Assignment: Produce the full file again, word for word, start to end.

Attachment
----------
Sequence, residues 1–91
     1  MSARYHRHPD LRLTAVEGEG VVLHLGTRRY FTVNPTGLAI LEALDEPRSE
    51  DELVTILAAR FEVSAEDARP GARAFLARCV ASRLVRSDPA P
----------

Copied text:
Sequence, residues 1–91
     1  MSARYHRHPD LRLTAVEGEG VVLHLGTRRY FTVNPTGLAI LEALDEPRSE
    51  DELVTILAAR FEVSAEDARP GARAFLARCV ASRLVRSDPA P